Referee's Resources


Refereeing Signals

Referee signals are an important communication tool. Only those few players close to you will hear clearly the decisions made by most referees, however everyone is able to see them. The use of signals allows buddy referees, players, coaches and spectators to understand the rulings made by the referee.

Game Time


The pre game procedures cover everything the referee needs to do prior to the start of a game. Being prepared for a game is of paramount importance and as such these procedures should never be omitted.

1. Be punctual and make sure you have all your required equipment needed to referee a game (correct uniform, badge, whistle, coin, pen, scorecard) please remember that NO jewellery is to be worn by referees on the field (with the exception of a watch covered by a sweatband) and no sharp fingernails are allowed.
2. Always stretch and warm up before a game. This ensures you’ll be physically and mentally ready for the game.
3. All referees are responsible for the safety of the players and the game officials (referees) that are participating in a game. The match referee should at all times be aware of situations that may cause potential injury and assess those risks and act in a responsible manner to eliminate those risks.
4. Assess the condition of the playing surface; remove potential danger (debris etc) locate all the markers and familiarise yourself with the dimensions of the field. Make sure any safety equipment that is required has been put in position (goal post pads, cones, etc)
5. Address the participating teams or team captains. Explain your requirements and what you expect of each player on field. Explain any rules that may be required by the local authority or body in control of the venue.
6. THE TOSS – A coin is the best way to commence a game. It is clear and concise and the fairest for both team captains to decide their team options.


Communication by a referee on field is to be kept to the highest standard at all times.

1. All directions from the referee should be clear, concise and use the correct terminology.
2. A referee should talk to players (not at them) and communicate with a polite but strong personality and an appropriate voice pitch. This may vary in different game situations.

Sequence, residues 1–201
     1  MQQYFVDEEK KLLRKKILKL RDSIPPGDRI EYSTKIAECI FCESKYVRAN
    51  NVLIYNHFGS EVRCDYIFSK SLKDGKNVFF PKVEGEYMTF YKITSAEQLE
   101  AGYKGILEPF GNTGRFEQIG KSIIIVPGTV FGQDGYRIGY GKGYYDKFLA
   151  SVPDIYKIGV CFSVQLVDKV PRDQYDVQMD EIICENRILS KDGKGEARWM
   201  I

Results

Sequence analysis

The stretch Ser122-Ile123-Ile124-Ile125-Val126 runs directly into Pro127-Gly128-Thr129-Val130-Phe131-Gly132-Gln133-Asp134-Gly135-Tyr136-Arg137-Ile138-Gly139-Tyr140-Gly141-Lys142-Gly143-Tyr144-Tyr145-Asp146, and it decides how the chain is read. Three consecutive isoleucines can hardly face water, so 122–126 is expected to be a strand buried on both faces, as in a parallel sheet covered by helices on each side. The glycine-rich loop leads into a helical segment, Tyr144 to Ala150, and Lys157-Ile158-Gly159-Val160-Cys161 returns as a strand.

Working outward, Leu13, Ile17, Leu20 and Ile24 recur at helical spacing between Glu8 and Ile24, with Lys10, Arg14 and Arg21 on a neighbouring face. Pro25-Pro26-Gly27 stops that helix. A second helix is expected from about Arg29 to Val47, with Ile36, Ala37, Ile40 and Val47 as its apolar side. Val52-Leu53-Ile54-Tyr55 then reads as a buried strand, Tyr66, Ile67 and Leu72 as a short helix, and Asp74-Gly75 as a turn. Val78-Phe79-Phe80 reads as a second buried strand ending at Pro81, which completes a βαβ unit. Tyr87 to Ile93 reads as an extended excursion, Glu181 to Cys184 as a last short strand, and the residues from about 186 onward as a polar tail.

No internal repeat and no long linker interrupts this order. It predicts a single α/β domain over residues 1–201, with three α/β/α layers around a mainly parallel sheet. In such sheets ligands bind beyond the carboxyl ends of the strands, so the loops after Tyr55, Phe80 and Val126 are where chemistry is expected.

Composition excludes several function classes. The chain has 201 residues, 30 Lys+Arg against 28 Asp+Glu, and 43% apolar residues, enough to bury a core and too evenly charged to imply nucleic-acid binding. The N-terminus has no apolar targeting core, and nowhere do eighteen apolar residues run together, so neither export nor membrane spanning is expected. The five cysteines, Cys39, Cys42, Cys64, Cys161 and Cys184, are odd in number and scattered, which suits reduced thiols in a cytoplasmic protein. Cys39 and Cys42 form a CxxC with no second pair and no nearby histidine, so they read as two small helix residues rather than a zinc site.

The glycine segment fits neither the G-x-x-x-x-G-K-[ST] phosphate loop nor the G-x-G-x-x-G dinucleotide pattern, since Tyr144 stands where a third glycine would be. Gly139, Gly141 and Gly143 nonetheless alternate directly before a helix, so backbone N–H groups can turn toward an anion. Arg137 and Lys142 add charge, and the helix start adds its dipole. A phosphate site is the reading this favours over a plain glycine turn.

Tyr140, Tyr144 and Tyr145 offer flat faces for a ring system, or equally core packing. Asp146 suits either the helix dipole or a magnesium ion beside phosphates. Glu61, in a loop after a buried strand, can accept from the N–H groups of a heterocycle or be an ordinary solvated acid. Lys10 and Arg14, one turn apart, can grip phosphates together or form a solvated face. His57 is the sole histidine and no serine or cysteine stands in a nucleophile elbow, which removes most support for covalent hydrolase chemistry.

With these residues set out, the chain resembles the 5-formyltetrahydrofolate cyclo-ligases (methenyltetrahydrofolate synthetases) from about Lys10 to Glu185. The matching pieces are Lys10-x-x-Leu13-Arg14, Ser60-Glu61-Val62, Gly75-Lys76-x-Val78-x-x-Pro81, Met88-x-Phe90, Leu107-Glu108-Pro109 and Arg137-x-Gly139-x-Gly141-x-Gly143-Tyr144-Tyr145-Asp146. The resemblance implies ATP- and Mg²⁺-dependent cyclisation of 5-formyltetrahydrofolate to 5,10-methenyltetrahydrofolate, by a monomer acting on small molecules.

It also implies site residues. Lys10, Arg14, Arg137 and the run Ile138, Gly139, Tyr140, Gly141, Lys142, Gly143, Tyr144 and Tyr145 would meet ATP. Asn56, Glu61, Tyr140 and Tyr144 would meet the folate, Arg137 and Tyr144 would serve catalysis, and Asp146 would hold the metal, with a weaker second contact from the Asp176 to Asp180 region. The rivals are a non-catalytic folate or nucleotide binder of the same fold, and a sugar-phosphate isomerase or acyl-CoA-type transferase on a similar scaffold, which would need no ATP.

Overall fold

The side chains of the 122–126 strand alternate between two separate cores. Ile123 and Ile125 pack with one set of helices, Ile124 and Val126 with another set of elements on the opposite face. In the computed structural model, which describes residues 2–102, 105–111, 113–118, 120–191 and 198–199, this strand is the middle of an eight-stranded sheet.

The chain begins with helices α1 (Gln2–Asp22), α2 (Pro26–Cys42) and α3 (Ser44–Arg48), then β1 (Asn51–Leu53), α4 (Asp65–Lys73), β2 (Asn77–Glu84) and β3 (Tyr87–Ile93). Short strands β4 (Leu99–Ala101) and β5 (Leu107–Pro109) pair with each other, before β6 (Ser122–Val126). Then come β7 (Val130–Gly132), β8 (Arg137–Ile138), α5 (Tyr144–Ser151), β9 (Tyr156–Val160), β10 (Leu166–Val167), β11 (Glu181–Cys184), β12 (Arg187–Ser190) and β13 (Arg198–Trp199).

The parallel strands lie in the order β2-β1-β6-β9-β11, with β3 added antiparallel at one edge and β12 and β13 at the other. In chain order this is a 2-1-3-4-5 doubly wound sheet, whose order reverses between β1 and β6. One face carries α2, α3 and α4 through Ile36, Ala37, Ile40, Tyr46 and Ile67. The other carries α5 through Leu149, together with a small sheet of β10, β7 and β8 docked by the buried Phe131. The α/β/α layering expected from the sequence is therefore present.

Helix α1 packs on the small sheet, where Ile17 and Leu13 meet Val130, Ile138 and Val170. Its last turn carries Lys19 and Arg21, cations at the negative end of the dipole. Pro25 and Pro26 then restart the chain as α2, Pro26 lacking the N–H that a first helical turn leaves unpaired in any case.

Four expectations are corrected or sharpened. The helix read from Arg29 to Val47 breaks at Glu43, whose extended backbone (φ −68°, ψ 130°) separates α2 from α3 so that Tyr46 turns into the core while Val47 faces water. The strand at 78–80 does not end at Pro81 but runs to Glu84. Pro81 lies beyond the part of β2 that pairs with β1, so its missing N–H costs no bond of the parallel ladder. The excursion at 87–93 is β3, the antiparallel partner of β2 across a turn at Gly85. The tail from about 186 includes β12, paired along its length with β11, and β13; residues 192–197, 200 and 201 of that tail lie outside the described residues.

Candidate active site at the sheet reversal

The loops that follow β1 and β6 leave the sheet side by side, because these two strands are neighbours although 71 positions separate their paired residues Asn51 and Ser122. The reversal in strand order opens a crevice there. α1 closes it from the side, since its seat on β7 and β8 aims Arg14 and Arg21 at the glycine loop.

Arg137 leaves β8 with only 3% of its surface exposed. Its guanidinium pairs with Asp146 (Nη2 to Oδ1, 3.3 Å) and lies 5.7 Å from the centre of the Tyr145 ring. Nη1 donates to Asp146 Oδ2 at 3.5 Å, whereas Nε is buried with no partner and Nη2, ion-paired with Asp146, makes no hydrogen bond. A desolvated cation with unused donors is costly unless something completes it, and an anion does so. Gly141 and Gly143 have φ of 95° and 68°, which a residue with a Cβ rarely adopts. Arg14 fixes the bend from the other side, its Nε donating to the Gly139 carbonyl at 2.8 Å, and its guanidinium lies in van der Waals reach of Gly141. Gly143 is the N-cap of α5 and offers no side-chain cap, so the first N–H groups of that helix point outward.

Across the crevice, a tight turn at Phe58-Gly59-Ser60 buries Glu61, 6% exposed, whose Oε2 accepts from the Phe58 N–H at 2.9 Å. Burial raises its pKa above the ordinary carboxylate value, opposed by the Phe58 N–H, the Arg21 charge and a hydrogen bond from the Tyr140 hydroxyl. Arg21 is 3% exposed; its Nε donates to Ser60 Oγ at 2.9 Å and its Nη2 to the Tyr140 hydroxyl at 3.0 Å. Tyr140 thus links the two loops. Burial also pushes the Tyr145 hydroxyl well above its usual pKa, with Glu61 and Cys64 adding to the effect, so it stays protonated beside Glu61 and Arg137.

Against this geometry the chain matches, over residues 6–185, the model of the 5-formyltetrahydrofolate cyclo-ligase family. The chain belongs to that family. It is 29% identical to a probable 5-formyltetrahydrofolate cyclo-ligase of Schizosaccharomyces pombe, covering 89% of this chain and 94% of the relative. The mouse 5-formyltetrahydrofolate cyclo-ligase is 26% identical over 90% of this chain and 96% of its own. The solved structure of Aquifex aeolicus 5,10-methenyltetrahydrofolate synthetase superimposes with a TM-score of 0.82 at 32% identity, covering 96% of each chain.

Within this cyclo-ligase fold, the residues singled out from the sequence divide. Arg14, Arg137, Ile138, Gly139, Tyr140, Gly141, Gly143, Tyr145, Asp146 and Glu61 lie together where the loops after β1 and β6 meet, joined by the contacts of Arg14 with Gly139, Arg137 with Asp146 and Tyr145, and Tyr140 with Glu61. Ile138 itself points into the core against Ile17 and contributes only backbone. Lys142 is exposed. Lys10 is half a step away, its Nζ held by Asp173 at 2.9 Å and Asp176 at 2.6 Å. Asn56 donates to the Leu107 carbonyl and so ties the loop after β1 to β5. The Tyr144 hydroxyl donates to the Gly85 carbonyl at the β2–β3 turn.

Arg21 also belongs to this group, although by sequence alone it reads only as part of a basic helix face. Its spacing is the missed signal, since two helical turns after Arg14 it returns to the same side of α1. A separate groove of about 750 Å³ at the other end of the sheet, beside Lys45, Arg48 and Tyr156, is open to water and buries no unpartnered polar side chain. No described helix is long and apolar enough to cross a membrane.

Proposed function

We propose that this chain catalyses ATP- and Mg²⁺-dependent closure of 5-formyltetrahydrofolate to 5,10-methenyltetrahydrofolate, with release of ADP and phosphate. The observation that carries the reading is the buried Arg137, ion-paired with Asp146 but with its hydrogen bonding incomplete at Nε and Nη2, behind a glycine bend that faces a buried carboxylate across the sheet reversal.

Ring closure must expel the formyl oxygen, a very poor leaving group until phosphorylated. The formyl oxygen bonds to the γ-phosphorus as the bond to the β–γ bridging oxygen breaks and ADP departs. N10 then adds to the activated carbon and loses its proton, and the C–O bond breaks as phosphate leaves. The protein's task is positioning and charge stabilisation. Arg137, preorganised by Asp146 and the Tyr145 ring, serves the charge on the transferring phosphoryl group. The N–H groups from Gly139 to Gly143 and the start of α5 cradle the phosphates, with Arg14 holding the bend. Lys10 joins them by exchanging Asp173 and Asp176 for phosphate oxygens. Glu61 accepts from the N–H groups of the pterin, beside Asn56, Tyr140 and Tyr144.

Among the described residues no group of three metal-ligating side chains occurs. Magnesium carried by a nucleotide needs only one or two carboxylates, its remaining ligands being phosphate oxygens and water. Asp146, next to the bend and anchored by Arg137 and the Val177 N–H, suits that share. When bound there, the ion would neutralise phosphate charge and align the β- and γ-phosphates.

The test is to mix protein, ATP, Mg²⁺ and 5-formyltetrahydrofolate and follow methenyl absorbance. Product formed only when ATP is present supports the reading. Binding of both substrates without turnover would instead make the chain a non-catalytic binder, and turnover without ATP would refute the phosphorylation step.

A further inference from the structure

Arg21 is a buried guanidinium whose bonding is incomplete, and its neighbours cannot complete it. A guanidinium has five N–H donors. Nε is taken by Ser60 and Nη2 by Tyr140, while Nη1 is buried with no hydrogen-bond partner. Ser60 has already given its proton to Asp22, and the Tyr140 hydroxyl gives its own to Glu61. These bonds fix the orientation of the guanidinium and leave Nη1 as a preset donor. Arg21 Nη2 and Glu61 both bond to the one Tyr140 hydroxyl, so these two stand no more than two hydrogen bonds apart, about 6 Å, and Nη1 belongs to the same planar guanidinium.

3. Communicate with team captains and place responsibility on them to inform their players of your directions and decisions.
4. Take the time to answer a question by the team captain.
5. Blow your whistle clearly and loudly.
6. Control the 5-meter offside line and adjust your position accordingly. Most of the play is focused in this area and most decisions are made here.
7. Call players off side and out of play by number identification and look for defending players moving to early to make a touch. Play attacking advantage when you can.
8. Sound the touch count clearly. Keep track of the touch count at all times.
9. Be aware when the half has the ball. A good way to do this is to pinch or cross your fingers together and release them when they release the ball.
10. Be conscious of all roll ball and penalty marks.
11. Be conscious of infringements in the roll ball area for both attacking and defending players.
12. Be aware of boundary lines, score lines and sub box areas and incorrect use of them, control these areas.
13. Issue warnings to offending players on the run to maximize a free flowing game.
14. Initiate cooling off periods for re offending players when required.
15. Initiate period of time (sin bin) if required to offending players.
16. Initiate a send off for major rule infringements.
17. Make courteous comments to players when appropriate (e.g. good touch, great touchdown, good work getting back on side, honest call well done etc.)
19. Maintain consistency at all times.
20. Always strive for consistent and correct decisions.


The Post Game Procedures are important to confirm all on-field information and to close the game.

1. On completion of the game, announce the score and have the team captains or managers sign the scorecard as accepting the final score, and sign it afterwards.
2. Ensure you pass the scorecards to the tournament organisers and inform them of any incidents or disputes.
3. If you have sent off a player for the remainder of the game, complete and submit an incident report sheet [include link to Disciplinary Procedures].
4. Always stretch and cool down after a game.



Referee abuse is any comment, gesture or behaviour that is either offensive, indicates disagreement with a decision or puts in doubt the referee’s impartiality. Abuse has no place in our sport. Ever.

Example of abuse are:

– Players loudly and openly disputing decisions
– Players calling for decisions, e.g. a defender calling a pass forward, or an attacker claiming the defender was offside
– Many players running towards the referee, for whatever reason
– Players disagreeing with an explanation given by a referee after a ruling
– Swearing, even if not directed at the referee
– Insulting the referee, even if not directed at the referee

This does NOT mean that players should never talk to the referee, as referees should always be open and approachable. A player can politely ask a referee for clarification on a ruling, to which the referee should answer clearly and concisely. If the player understands the explanation (whether they agree or not!), that’s it and play continues. There is no time for a debate or discussion.

Abuse is the number one reason why referees leave our sport, which is why every participant (referees, players and spectators) needs to deal with it immediately. If you witness abuse, please talk to the tournament organiser or a senior referee immediately. Alternatively, contact the National Referee Managers at or complete the abuse report form, which can be done anonymously.